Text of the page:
“The second page lists some things to pack for your trip to the Moon, including peanut butter, apples, and cake. While it is possible to take these foods, and they would ‘taste good in space,’ apples and cake are not very good choices. Apples bruise easily, so would need special packaging, and would not stay fresh very long. The inedible core would require a sealed garbage container. Cake, unless it is really dense or bite-sized, would produce crumbs that could get into equipment and cause problems. Breads also go stale quickly because spacecraft maintain low humidity levels.”

I suppose the author could have written a story about kids eating bruised, rotten apples, and about cake crumbs getting into the equipment, breaking the space ship and sending the kids to their deaths.

Hey, how about this gem about visiting a prior Luna landing site…

“Suggesting that it would be appropriate to replant the flag [placed on a previous, real Luna mission which is known to have fallen over] is like telling a child it is okay to color in the Gutenberg Bible.”

Wow! Total joy kill! Maybe her children were as bright as my daughter (reading at a fourth grade level in kindergarten!), but the average kindergartner doesn’t even know the alphabet when they step through the door on their first day. You can bet they don’t know anything about Luna, and I guarantee you they’ll need the encouragement to dream, like eating cake on the lunar surface, or helping out by replanting the American flag.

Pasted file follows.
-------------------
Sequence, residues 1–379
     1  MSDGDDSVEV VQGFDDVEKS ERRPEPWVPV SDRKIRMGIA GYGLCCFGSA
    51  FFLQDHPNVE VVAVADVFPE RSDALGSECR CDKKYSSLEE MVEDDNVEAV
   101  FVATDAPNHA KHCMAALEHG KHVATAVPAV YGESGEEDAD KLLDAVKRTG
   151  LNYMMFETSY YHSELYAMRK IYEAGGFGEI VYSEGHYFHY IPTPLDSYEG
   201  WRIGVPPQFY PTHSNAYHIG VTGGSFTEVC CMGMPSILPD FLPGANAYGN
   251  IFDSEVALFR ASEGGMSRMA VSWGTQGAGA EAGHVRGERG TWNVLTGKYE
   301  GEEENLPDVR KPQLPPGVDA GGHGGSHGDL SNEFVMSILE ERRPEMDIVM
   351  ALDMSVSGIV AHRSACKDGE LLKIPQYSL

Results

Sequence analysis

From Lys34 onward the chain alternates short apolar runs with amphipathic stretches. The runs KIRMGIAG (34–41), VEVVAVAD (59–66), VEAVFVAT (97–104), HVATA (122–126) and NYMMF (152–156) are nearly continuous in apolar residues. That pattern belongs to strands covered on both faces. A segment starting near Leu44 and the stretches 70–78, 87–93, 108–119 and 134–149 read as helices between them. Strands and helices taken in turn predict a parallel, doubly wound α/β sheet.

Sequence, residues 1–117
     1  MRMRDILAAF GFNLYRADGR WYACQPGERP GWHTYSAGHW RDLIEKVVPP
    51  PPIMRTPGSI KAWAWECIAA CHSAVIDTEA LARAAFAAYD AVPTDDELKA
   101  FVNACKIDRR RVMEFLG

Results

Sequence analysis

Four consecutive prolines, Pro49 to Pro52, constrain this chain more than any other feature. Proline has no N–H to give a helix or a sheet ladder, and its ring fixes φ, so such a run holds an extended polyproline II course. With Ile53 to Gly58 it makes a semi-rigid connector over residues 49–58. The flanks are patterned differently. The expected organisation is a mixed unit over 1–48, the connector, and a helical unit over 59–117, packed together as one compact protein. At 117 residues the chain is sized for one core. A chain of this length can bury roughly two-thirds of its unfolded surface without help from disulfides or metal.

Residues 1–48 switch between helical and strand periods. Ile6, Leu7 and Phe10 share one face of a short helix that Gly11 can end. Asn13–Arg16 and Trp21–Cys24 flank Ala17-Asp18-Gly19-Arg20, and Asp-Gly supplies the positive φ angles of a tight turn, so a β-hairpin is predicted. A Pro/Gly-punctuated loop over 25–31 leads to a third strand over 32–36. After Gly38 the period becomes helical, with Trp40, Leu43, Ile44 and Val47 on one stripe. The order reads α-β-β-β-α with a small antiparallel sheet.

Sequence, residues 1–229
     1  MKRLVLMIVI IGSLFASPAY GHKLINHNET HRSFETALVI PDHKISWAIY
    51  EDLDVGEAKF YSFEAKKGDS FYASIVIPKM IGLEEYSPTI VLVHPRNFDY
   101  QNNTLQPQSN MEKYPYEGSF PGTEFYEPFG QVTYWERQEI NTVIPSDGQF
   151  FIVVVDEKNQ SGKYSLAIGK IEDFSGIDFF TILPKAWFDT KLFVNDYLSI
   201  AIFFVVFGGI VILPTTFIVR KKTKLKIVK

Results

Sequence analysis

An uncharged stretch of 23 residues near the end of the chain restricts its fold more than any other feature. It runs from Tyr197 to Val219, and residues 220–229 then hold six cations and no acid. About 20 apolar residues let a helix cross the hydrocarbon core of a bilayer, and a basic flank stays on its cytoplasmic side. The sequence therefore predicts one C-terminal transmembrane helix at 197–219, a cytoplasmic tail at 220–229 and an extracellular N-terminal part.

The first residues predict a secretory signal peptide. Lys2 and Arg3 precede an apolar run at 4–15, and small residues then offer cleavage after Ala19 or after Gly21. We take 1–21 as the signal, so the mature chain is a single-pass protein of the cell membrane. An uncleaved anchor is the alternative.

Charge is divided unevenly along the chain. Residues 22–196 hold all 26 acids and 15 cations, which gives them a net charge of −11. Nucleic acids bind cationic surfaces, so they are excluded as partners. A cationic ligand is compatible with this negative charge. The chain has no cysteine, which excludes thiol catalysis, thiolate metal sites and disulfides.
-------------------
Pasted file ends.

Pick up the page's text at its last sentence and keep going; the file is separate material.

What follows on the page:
For its many egregious science sins, If You Decide to Go to the Moon scored a 2 out of 6 for accuracy.

Cover of the book Midnight on the Moon that depicts tow children bouncing around the lunar surface in space suits.

Midnight on the Moon for 9-to-12-year-olds

By now you’re wondering what it takes to score a zero. Look no further than the book that started it all, Midnight on the Moon. It’s #8 in the epic Magic Tree House series that sends two kids on adventures through history. It’s one of the few early reader chapter books for elementary school kids that doesn’t contain cartoons or crappy pop references to Hannah Montana.

Seriously, when you eventually visit a Scholastic Book Fair at your child’s elementary school, you will be depressed… lots and lots of fluff, and very, very few science-themed books that aren’t about skeletons or sharks.

Here is the cardinal sin that got this physics-savvy mother fired up:

“The worst mistake in the whole book is on page 27. ‘A person weighs less on the moon because of the moon’s low gravity and lack of air.’ No, no, no! The lack of air has NOTHING to do with a person’s weight! Weight is a measure of mass, and gravity depends only on mass and distance.

This error is perpetuated in the actions that follow. The children jump around like ‘moon rabbits’ and Jack feels ‘light as a feather.’ These are good descriptions, but they would have felt these effects WHILE STILL IN THE DOME.”

Of course, “the dome” is a Luna base built in 2031. It would be even worse for readers to assume the Luna base had some sort of strong artificial gravity that just wasn’t mentioned in the text.

I mean, just look at how pissed off Trekkies were at Star Trek: The Original Series because it didn’t mention that Kirk and Spock weren’t floating around the Enterprise because their starship had artificial gravity. Trekkies had to wait until Star Trek VI: The Undiscovered Country when, suddenly, of so conveniently, artificial gravity and gravity boots were mentioned because they became integral to the story when Yeomans Burke and Samno had to wear them to to assassinate Klingon High Chancellor Gorkon after the artificial gravity was disabled on the IKS Kronos One. Oh, but by then, it was too little too late. Burn in Hell Gene Roddenberry!